Commentaries are written by Research Analysts at the Centre and focus on current and topical discussions or media events with regard to China or China/Africa relations. Occasionally, the CCS accepts commentaries from non-CCS affiliated writers with expertise in specific fields. Their views do not necessarily reflect those of the CCS. Commentaries can be used freely by the media or other members of the interested public if duly referenced to the author(s) and the CCS

What rapprochement between the Koreas might mean for Africa

4 June 2018

On April 27 2018, Kim Jung-un became the first head of North Korea to cross the border into South Korea after the end of the Korean War (1950-53). After the historic summit between the two leaders of the Koreas in April, many expected this event would provide the moment for reducing tensions and making significant progress on political stability in the region. Gradual improvement in regional stability would free up diplomatic and economic resources of Asian giants in the region – China, Japan and South Korea – which would lead to growing engagement with African states. This commentary discusses the short and long term implication of the inter-Korean summit for Africa. [Continue reading]

 

By Suweon Kim
Extraordinary Researcher
Department of Political Studies
University of the Western Cape

Joelien Pretorius
Associate Professor
Department of Political Studies

University of the Western Cape

Tug-of-war: The Maldives and Sino-Indian competition in the Indian Ocean Region

19 March 2018

An ongoing political and constitutional crisis in the Maldives has shone a spotlight on emergent geopolitical competition, particularly between China and India, in the Indian Ocean region. For both Beijing and New Delhi, reliance on Indian Ocean trade routes is essential for their long-term economic prosperity. This reliance makes gaining influence with the Maldives, given its central location in the region, a key strategic objective of both countries. While multiple countries, such as Saudi Arabia and the United Arab Emirates (UAE), have similar economic and security interests in the country, the competition between China and India for influence in the Maldives has been particularly acute. [Continue reading]

 By Robert Atwell
Asia-Pacific Risk and Security Analyst
S-RM, Risk Management, Business Intelligence and Cyber-Security
CCS Affiliate, Centre for Chinese Studies, Stellenbosch University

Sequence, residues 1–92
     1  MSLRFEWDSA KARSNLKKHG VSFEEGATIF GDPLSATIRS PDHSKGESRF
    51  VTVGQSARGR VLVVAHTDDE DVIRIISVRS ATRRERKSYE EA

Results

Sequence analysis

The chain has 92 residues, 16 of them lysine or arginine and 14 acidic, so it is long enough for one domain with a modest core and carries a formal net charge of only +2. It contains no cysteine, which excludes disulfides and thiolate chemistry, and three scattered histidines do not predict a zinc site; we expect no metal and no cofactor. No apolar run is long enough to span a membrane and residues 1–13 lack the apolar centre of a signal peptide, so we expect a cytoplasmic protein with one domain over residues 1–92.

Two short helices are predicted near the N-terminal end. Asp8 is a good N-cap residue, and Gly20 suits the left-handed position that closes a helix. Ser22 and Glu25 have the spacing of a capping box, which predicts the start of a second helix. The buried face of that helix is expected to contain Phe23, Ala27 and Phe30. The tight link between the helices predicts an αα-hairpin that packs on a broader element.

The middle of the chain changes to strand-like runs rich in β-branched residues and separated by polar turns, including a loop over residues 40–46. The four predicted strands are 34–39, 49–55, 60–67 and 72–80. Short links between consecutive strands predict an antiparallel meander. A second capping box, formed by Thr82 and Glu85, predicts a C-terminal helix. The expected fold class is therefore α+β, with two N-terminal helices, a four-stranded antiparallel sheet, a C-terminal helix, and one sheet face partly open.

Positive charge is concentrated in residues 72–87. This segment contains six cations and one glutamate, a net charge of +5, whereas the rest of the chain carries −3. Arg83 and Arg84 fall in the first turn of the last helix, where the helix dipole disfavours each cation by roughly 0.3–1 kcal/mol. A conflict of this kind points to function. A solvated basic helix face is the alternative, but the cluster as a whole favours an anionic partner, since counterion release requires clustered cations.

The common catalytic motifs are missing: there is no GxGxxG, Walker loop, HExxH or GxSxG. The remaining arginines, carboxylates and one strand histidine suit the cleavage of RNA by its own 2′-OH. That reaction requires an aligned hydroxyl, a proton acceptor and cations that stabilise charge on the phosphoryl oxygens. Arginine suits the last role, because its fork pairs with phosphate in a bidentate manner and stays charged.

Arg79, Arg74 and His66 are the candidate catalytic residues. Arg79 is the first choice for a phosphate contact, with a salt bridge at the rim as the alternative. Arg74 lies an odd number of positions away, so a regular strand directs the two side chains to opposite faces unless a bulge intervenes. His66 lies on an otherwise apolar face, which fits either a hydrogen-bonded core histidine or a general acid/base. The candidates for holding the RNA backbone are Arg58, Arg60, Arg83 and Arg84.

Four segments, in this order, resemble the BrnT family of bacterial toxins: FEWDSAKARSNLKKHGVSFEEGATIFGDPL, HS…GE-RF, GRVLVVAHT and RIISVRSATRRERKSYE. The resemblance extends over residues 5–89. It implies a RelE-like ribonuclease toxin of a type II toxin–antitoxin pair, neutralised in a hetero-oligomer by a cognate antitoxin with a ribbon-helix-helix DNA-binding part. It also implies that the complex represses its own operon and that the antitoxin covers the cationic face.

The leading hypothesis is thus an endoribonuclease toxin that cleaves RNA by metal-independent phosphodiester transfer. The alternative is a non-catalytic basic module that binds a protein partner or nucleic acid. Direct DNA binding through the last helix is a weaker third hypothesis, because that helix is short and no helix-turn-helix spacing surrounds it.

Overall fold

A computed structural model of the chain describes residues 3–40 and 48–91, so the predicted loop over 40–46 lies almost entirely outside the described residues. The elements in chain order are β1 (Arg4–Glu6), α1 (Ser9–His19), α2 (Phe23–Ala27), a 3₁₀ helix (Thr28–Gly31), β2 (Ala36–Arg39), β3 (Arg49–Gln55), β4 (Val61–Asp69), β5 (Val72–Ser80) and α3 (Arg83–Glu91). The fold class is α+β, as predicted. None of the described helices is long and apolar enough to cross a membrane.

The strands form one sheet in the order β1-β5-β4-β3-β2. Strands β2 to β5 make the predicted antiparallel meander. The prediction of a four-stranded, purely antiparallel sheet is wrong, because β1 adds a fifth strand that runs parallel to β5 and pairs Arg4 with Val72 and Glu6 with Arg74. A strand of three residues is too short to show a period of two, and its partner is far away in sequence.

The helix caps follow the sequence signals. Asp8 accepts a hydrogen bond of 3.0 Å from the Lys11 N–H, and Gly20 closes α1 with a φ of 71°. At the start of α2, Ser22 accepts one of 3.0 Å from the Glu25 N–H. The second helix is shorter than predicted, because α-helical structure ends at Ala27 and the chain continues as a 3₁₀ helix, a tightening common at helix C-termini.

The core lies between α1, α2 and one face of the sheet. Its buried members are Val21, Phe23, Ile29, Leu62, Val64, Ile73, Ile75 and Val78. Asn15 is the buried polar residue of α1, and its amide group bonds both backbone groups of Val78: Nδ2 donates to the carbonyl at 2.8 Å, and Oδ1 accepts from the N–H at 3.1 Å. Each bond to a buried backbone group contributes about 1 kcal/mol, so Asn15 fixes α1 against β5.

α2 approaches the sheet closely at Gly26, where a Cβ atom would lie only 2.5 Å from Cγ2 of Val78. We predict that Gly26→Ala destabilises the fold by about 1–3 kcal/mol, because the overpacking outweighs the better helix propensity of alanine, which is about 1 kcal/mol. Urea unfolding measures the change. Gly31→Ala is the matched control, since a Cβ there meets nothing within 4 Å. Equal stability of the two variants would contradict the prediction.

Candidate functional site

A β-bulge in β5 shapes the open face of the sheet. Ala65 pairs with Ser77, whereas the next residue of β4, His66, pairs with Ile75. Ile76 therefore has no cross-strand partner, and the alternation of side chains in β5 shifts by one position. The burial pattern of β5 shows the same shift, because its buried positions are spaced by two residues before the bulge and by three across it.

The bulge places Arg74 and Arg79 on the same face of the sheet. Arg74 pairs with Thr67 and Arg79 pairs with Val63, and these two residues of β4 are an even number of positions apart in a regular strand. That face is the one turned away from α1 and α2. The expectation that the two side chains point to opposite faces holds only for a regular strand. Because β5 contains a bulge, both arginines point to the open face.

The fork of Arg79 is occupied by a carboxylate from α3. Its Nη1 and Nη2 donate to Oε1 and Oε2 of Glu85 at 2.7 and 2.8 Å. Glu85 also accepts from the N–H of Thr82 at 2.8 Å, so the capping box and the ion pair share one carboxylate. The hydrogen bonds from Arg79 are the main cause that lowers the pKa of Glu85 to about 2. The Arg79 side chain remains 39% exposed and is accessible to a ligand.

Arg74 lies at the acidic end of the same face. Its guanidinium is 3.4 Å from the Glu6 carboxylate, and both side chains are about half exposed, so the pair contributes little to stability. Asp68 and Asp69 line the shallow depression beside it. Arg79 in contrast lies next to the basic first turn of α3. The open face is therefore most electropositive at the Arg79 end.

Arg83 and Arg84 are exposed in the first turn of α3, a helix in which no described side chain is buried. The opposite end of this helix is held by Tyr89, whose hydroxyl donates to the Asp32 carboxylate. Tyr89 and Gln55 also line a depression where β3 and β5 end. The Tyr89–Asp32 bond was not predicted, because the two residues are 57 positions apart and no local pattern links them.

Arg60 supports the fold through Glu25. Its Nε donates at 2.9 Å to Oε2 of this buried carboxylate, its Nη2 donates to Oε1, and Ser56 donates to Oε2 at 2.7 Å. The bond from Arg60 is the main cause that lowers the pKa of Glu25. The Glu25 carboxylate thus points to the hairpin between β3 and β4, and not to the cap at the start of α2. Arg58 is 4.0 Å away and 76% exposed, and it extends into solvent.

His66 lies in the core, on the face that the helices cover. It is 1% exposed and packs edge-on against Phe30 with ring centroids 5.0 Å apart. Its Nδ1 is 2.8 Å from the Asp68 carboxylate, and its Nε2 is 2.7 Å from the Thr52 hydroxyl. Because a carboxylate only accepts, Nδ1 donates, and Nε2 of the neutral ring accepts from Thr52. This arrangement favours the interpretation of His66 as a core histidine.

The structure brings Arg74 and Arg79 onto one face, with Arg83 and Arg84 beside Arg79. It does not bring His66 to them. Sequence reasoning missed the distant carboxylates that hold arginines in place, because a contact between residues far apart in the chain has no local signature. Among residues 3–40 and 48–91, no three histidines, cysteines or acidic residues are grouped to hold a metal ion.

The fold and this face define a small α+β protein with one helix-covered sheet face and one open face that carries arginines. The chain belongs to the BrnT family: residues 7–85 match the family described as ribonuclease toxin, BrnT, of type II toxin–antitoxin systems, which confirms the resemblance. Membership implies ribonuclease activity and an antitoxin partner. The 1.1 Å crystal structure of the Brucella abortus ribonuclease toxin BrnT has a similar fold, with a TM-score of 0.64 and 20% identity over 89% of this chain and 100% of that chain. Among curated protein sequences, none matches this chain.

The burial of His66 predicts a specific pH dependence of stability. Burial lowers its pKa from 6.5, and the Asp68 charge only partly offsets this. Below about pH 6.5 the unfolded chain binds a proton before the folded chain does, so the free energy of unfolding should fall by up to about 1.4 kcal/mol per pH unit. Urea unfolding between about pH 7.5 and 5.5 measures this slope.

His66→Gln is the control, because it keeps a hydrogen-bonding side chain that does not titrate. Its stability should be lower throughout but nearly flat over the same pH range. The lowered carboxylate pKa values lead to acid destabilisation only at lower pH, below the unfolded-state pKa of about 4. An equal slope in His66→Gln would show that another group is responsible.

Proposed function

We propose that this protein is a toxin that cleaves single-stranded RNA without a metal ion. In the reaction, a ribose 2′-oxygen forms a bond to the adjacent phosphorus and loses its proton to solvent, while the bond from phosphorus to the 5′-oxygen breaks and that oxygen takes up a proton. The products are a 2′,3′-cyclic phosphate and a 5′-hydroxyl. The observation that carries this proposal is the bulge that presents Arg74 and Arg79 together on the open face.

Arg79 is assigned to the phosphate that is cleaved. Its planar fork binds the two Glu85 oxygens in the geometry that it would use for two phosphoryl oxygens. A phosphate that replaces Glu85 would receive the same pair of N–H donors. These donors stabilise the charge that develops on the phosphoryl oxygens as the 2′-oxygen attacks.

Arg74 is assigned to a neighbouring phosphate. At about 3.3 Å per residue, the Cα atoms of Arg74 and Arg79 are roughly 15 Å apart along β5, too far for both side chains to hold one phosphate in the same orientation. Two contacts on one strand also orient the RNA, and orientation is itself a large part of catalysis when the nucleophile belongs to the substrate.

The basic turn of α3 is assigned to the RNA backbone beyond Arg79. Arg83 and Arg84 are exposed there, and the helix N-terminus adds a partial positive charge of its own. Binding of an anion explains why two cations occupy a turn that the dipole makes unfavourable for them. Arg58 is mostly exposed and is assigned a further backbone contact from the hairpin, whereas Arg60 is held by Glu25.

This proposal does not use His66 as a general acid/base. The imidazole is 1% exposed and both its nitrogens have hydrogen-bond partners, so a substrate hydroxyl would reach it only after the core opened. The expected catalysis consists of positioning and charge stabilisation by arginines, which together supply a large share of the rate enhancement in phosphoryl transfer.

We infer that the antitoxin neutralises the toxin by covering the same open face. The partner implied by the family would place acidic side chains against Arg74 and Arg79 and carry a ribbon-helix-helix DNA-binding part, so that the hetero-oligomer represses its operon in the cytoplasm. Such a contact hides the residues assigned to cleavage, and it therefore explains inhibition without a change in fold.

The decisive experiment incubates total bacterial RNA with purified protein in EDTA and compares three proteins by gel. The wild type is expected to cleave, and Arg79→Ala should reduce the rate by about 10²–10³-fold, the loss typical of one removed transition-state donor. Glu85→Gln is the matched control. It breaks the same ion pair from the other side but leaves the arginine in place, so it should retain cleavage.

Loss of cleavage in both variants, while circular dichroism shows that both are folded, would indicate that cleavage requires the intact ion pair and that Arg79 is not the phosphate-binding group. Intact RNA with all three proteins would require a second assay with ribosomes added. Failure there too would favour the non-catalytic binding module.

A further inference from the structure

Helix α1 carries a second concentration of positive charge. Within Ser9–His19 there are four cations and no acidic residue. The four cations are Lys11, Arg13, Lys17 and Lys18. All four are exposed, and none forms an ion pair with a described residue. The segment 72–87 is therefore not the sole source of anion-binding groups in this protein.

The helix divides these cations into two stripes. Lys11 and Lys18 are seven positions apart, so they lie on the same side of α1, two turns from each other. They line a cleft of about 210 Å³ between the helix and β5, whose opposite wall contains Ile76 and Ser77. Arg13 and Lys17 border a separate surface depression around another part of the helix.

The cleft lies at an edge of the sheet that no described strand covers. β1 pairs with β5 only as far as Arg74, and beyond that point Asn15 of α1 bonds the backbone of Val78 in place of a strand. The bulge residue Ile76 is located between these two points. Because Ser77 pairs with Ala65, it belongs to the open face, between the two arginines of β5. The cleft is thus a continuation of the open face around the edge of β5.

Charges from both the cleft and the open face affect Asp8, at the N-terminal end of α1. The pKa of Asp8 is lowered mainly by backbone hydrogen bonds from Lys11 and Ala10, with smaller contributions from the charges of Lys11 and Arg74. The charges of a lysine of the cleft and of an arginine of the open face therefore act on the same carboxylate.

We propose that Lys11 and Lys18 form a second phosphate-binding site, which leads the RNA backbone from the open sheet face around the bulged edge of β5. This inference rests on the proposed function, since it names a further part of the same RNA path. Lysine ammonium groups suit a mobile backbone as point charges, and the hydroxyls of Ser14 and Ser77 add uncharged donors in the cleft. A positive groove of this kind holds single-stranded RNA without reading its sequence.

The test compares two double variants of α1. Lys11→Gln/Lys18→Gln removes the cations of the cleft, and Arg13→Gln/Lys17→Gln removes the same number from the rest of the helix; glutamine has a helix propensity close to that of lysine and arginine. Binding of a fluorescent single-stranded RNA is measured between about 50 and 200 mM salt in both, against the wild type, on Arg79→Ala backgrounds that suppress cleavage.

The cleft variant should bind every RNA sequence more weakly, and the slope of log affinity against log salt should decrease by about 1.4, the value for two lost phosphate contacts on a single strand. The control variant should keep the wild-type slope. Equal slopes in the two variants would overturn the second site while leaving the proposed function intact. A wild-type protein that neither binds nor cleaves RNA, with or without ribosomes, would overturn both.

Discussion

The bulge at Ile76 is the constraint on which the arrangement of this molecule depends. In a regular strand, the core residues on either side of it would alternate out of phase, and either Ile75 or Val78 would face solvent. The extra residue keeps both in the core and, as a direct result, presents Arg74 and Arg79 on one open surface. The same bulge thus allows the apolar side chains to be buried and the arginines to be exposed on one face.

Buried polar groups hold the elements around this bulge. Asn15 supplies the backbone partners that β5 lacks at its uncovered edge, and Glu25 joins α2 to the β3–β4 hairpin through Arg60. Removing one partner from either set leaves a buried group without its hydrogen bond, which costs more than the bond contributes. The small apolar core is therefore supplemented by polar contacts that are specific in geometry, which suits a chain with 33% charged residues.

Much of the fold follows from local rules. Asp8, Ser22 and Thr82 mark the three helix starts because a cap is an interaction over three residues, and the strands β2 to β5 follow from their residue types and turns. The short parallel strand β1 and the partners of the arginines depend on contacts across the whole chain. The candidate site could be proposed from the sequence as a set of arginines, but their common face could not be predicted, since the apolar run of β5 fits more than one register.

China’s environmental transformation: the role of foreign NGOs

15 NoNGOs in Chinavember 2017

The Chinese government’s favouring break-neck development at the expense of environmental protection is a view which is increasingly challenged in China today. This is not only because, following the United States’ (US) announcement to withdraw from the Paris climate agreement, China is now the world’s largest power spearheading the way forward. Additionally, domestic shifts have been long in the making. During the opening address of China’s recent 19th National Congress of the Communist Party of China (CPC), Bloomberg showed that President Xi Jinping used the word “environment” and other related terms 89 times. Announcements related to environmental policy included: the creation of a new environmental body to regulate natural resources; China’s desire to become an “ecological civilisation” with economic and social growth prioritised alongside building a “beautiful” China by 2035 and the promotion of green development and the intensification of protecting ecosystems. [Continue reading]

 By Meryl Burgess
Research Fellow
Centre for Chinese Studies
Stellenbosch University

China takes its place at the head of the table

30 October 2017

On a recent trip to Berlin to meet Chinese personnel at think-tanks, non-governmental organisations and the foreign ministry, I was struck by a distinct shift in the tone with which China was discussed. On previous European trips it was discussed in terms of emergence: an emerging economy, an emerging donor, an emerging governance model. However, two weeks ago in Berlin, China was portrayed as fully emerged. In the past, the discussion focused on how a country lacking parliamentary elections could grow its economy so fast, for so long. Today, that doesn’t even enter the conversation. It is assumed, a granted, a given. What takes the foreground now is far more tangible, such as China’s dominance in global shipping and port development, transnational trade and resource corridors as part of its One Belt, One Road initiative, and China’s great leap forward in the big data and artificial intelligence industries. [Continue reading]

 By Ross Anthony
Director
Centre for Chinese Studies
Stellenbosch University

Making a play for Africa: China, India and Japan compete for the continent’s favour

15 SeptembJPIDer 2017

Africa’s importance as a significant variable in the political and economic manoeuvrings of the world’s great powers is often overlooked or underestimated. However, in recent years, actions by Asia’s powerhouses – China, Japan and India – demonstrate the continent’s value as a platform for carrying out strategic competitive connectivity initiatives. Over the last three years (2014-2016), India and Japan have increased efforts to improve their economic engagement with Africa. In part, these efforts have largely been interpreted as a response to China’s One Belt One Road (OBOR) Initiative, a global economic development strategy introduced in 2013. With both India and Japan having unresolved territorial disputes and strategic tensions with their neighbour, they seem to remain suspicious of OBOR and view it as means to increase China’s political and economic influence and, subsequently, its power in the Indo-Pacific region and beyond. [Continue reading]

 

By Mandira Bagwandeen
Independent Researcher